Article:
FAQ (People Also Ask):

Is animal fostering only for cats and dogs?

Cats and dogs are probably the most commonly fostered pets, but many organizations and shelters have other animals that need foster homes, including rabbits, birds, and even farm animals.

How does fostering benefit shelters and rescues?

Fostering benefits shelters and rescues by creating capacity for them to save more pets. Animal shelters across the country are at capacity to overflowing and understaffed. Fostering not only helps shelters’ capacity but also allows already overworked shelter staff the ability to focus on one less pet — which helps them better take care of the pets already in their care.

How long do animals usually stay in foster care?

The length of time animals stay in foster care depends on a number of factors, including the pet’s age and/or breed, the level of demand in the area, the pet’s health, and more. Some fosters only have their pets for a few days, while others have them for months.

Can I adopt the animal I’m fostering?

Many shelters and rescue organizations allow fosters to adopt the pet they’ve been fostering. There’s even a term for this: “Foster failure.” Of course, foster “failure” is hardly a failure since the goal is for the pet to be adopted. Some shelters and rescues even have “foster-to-adopt” programs.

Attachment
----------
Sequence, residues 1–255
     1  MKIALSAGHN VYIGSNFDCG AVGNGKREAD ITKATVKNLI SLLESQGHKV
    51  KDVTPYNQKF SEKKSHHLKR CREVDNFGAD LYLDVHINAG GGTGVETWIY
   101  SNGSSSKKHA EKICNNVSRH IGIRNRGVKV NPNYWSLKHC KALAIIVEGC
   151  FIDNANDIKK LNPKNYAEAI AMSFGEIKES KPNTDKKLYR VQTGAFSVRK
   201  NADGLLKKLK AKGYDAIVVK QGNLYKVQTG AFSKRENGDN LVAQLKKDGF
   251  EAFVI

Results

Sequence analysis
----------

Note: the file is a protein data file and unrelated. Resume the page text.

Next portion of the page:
References

Evaluating Cognitive and Behavioral Outcomes in Conjunction with the Secure Base Effect for Dogs in Shelter and Foster Environments

Evaluation of a Novel Dog Adoption Program in Two US Communities

Emergency Fostering of Dogs: Shelter Practices, Foster Caregiver Engagement, and Dog Outcomes

Fostering Rescued Dogs: An Exploratory Study of the Experiences of Foster Care Providers

Benefit of Short Term Foster Sleepovers


Julie Zeilinger is a NYC-based writer and editor whose writing has been published in Marie Claire, Vox, HuffPost, Forbes, and other publications. She is also the author of two books: College 101: A Girl’s Guide to Freshman Year (2014) and A Little F’d Up: Why Feminism Is Not a Dirty Word (2012). She is the mom to Baloo, a two-year-old Bichpoo and foster mom to dogs via Badass Animal Rescue.

[ad_2]

Source link

Leave a Reply

Your email address will not be published. Required fields are marked *